Big West Oil to pay penalty and spend $18m for emission controlStaff writer ▼ | August 26, 2013
Big West Oil will also invest $253,000 to improve the monitoring and management of potential releases of hydrofluoric acid at the facility.
The agreement resolves alleged violations of key provisions of the Clean Air Act at the refinery, including requirements associated with the Prevention of Significant Deterioration and New Source Performance Standards.
When fully implemented, the controls and requirements under the agreement will reduce emissions of sulfur dioxide (SO2) by approximately 158 tons per year (tpy), nitrogen oxides (NOx) by approximately 32 tpy, and particulate matter (PM) by approximately 36 tpy. Additional reductions of volatile and hazardous pollutants, such as benzene, are expected as a result of compliance with leak detection and repair requirements.
"This settlement will result in substantial reductions in harmful air pollution and, building on previous settlements with area refineries, marks another step forward in improving the quality of air Utahns breathe in the Salt Lake City area," said Robert G. Dreher, Acting Assistant Attorney General for the Justice Department's Environment and Natural Resources Division.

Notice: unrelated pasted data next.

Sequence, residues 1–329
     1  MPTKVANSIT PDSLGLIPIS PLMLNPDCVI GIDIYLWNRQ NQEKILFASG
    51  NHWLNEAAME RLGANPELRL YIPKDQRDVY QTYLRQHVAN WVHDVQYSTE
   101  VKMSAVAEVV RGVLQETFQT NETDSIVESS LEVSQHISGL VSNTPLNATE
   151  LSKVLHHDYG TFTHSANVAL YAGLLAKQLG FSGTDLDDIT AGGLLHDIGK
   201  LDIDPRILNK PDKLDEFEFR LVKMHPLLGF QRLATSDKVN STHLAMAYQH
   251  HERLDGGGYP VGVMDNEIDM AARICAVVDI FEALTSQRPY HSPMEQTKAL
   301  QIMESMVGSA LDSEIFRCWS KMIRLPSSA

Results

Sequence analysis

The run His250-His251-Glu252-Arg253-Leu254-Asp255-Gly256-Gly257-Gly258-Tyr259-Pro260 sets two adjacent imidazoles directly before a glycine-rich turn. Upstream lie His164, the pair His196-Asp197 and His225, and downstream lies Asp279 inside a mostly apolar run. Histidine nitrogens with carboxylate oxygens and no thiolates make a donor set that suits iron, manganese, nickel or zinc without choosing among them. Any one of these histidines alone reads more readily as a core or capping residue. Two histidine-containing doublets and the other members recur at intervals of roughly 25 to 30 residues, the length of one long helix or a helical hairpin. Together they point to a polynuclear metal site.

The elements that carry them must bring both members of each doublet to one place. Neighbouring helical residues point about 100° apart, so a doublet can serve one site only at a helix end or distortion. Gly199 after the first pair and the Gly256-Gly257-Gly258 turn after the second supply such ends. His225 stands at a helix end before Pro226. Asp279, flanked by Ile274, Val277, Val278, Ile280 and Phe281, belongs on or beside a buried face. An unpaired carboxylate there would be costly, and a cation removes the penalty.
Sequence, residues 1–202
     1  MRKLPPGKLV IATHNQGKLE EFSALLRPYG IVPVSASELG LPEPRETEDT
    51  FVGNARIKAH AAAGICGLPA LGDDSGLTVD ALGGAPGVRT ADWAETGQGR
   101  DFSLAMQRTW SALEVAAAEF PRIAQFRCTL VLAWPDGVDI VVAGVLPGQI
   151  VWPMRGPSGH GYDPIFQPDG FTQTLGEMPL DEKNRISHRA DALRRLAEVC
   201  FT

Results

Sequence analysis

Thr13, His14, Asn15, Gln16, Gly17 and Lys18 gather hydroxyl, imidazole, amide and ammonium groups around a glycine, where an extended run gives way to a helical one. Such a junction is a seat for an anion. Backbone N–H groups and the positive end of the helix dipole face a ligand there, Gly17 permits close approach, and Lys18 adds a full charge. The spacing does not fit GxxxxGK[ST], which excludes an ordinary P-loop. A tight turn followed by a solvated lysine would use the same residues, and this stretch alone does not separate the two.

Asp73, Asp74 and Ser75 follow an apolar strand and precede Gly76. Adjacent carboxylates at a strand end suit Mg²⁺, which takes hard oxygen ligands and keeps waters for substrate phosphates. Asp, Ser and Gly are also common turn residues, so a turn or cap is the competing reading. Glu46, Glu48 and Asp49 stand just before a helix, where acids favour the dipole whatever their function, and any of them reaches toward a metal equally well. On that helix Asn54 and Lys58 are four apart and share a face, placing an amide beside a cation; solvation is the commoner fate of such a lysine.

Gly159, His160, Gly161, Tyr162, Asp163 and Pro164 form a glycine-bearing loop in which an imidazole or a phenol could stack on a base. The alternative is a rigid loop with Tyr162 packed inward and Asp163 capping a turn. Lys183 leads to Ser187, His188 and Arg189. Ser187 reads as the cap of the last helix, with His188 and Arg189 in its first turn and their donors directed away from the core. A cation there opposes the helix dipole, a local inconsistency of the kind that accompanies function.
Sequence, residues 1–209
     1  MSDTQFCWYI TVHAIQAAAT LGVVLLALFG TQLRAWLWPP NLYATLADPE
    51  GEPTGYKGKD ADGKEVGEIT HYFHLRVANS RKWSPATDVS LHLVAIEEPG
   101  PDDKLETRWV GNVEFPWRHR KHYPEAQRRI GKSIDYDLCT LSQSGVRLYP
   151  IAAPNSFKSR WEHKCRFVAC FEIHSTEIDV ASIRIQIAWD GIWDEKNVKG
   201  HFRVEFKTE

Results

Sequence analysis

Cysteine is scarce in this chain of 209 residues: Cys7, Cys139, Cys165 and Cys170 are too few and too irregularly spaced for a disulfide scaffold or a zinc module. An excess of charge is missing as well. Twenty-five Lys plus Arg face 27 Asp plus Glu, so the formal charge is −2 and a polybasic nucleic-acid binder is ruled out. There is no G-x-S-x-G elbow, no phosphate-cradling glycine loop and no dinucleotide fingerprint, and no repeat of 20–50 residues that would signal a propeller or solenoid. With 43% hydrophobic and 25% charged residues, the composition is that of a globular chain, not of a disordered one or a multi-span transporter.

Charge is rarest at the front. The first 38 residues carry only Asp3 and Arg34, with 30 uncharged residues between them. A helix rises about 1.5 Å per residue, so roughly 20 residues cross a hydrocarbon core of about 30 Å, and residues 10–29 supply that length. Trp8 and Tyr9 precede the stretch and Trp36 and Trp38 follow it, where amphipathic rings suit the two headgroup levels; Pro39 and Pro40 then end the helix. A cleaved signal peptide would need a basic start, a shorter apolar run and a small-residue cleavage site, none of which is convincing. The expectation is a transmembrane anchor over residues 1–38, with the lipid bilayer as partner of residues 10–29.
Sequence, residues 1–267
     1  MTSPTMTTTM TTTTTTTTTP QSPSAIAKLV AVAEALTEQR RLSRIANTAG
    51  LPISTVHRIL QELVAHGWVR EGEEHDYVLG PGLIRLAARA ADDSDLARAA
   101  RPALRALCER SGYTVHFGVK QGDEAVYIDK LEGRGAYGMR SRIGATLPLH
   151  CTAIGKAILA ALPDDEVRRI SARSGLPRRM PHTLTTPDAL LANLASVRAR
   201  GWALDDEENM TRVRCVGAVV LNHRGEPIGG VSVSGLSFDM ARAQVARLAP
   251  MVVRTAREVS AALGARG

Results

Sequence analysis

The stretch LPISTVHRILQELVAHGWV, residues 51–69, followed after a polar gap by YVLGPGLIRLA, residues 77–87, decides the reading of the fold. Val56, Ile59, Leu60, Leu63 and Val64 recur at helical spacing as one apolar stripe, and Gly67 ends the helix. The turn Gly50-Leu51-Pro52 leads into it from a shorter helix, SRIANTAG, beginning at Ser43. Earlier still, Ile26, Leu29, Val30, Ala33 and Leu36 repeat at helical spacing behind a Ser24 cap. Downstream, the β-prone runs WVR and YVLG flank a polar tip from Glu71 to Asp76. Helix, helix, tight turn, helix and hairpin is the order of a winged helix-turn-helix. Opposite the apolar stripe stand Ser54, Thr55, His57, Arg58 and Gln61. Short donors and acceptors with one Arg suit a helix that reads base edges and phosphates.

"EPA continues to secure significant settlements with refineries that benefit public health and improve air quality in our communities," said EPA Regional Administrator Shaun McGrath.
The settlement requires Big West Oil to install a state-of-the-art flue gas filter system to control emissions of PM and to place ultra-low NOx burners on four heaters and boilers. The company will also undertake measures to reduce SO2 emissions from the refinery by, among other things, restricting hydrogen sulfide (H2S) in fuel gas and installing and operating a caustic scrubber system at the sulfur recovery plant.
Big West Oil has agreed to make numerous upgrades to its leak detection and repair program, including the installation of low-leaking valves, and to enhance its waste operations to minimize or eliminate fugitive benzene emissions. The company will spend $253,000 on a supplemental environmental project to install a laser detection system around the perimeter of the Hydrofluoric Acid Alkylation Unit that will improve the detection and response to releases of potentially hazardous acid. ■